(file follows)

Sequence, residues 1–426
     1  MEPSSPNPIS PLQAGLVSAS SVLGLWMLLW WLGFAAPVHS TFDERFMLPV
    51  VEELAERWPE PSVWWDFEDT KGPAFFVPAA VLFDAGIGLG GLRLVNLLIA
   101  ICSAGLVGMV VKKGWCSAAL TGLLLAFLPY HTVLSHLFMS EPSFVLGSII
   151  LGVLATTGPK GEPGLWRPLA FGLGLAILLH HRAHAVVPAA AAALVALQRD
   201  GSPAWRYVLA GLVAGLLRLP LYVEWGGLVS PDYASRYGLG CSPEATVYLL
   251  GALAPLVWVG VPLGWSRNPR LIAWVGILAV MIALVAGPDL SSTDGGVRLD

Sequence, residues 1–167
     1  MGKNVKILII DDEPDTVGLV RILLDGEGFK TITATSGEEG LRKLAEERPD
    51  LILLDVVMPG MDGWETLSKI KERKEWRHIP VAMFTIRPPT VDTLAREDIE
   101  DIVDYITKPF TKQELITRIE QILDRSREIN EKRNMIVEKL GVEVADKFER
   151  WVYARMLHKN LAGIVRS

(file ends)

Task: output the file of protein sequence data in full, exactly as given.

Sequence, residues 1–426
     1  MEPSSPNPIS PLQAGLVSAS SVLGLWMLLW WLGFAAPVHS TFDERFMLPV
    51  VEELAERWPE PSVWWDFEDT KGPAFFVPAA VLFDAGIGLG GLRLVNLLIA
   101  ICSAGLVGMV VKKGWCSAAL TGLLLAFLPY HTVLSHLFMS EPSFVLGSII
   151  LGVLATTGPK GEPGLWRPLA FGLGLAILLH HRAHAVVPAA AAALVALQRD
   201  GSPAWRYVLA GLVAGLLRLP LYVEWGGLVS PDYASRYGLG CSPEATVYLL
   251  GALAPLVWVG VPLGWSRNPR LIAWVGILAV MIALVAGPDL SSTDGGVRLD

Sequence, residues 1–167
     1  MGKNVKILII DDEPDTVGLV RILLDGEGFK TITATSGEEG LRKLAEERPD
    51  LILLDVVMPG MDGWETLSKI KERKEWRHIP VAMFTIRPPT VDTLAREDIE
   101  DIVDYITKPF TKQELITRIE QILDRSREIN EKRNMIVEKL GVEVADKFER
   151  WVYARMLHKN LAGIVRS